On one hand he makes work for satirists, because he’s easy game through his idiocy, on the other hand he also takes it away, because his actions and utterances are already so ridiculous in themselves that you don’t have to add much – reality is basically overtaking satire. Also he is very one dimensional which means that there’s only so much you can say about him before people tire of the subject.
Were there negative reactions in the US to the Trump floats?
There were many strong negative reactions online, especially from alt-right pages saying things like “lets nuke Germany.” Also, some of the floats were misunderstood: they saw Trump being beheaded as the language of Isis, however in that particular float the Statue of Liberty holds the constitution, so what it is trying to say is that Trump should be brought down with the means of the constitution – not with violence.
One of the more controversial floats showed Trump, Le Pen and Wilders lined up next to Hitler, with the heading “Blond ist das neue Braun” (blond is the new brown), what would you say to people who argue that you are putting these politicians on the same level as Hitler?
Comparing is not the same as equating: there’s a big difference. Of course neither Le Pen, Wilders nor even Trump are the same as Hitler. The point that is being made is that right-wing populism makes use of ideas and concepts which are similar to the ones that were being used 80 years ago in Germany.
There are clearly parallels to be seen: in the rejection of modern freedoms and liberalism, such as the progress made for the rights of women and homosexuals. However you can’t expect too much of a Carnival float – its foremost purpose is to make a polemical point and shouldn’t necessarily be taken entirely at face value.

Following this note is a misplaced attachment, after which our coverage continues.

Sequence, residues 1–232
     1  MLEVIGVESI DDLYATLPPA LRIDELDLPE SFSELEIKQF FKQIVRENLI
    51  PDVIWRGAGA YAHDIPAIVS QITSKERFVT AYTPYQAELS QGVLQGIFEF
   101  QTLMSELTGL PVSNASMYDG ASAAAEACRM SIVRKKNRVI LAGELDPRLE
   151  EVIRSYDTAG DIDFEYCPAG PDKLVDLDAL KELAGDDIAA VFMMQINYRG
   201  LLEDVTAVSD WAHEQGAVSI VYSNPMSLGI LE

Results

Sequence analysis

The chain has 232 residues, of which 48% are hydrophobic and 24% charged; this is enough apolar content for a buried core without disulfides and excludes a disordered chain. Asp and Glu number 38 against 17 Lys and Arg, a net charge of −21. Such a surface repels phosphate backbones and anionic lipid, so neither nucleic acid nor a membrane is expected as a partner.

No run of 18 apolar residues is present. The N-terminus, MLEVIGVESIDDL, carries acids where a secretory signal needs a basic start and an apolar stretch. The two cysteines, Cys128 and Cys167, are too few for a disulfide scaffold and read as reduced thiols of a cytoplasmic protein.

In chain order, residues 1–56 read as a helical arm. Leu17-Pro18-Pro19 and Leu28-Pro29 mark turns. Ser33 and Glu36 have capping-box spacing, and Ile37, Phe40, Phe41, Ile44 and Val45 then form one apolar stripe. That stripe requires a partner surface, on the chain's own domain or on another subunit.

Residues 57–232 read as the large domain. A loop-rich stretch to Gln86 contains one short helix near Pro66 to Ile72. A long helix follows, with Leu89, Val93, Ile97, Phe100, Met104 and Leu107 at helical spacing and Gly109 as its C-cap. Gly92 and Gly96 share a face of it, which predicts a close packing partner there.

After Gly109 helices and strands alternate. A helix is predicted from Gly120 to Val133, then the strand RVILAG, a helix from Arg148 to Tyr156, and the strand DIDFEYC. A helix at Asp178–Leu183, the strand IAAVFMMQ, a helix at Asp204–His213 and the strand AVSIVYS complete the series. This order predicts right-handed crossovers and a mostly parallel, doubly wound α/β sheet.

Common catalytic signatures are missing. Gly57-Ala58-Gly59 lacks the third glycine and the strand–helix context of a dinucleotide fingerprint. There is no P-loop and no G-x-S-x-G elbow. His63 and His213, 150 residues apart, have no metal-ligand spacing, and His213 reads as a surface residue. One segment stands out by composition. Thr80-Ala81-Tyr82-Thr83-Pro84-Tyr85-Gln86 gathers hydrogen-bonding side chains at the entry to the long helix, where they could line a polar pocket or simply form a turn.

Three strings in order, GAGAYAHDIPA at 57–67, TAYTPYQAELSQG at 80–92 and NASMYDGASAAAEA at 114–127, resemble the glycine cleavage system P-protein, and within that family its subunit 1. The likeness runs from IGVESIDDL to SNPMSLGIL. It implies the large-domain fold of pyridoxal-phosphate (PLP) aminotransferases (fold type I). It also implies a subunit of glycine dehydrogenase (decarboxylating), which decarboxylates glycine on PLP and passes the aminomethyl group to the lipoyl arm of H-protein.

Can you give any hints as to what topics will appear at the parade this year? Will Brexit be featured?
There are many dubious figures in positions of power throughout the world, to a great extent many are the same as in 2017, not much has changed here. And as always this is the dominating topic: that the free world is under threat through authoritarian ways of thinking and that human rights have to be defended.
I think Brexit is a topic that will be discussed for many years to come, because it is a very important subject for the EU as a whole and it is yet to be seen what the consequences are for Britain. As a subject it remains topical and remains relevant for the Rosenmontag parade, although if it will be featured this year I can’t say.
Recent headlines claim that the parade in Cologne will be more political this year, what’s your take on this? Are they catching up with Düsseldorf?
That Cologne is trying to be more political is something I hear every year. But having political floats in the parade is not what’s significant, but whether they manage to discuss the subject matter in an edgy and provocative way. However Cologne has its own traditions concerning their parade – they usually focus more on local politics and therefore cater to a local audience. This is also true for Düsseldorf to some extent, but we also reflect global politics and this is why the images from our parade have a global impact.
And finally, will you be celebrating Carnival and how?
I would like to celebrate Carnival but whilst others are celebrating I have to work. Even Rose Monday for me is still a work day and the day after that the floats are taken apart (the political floats are typically destroyed after the parade, with rare exceptions such as in the case of 2017’s Brexit float). On Ash Wednesday I finally get to have a day off, but then unfortunately Carnival is over.
FOR A DAILY DOSE OF GERMAN NEWS IN YOUR INBOX CLICK HERE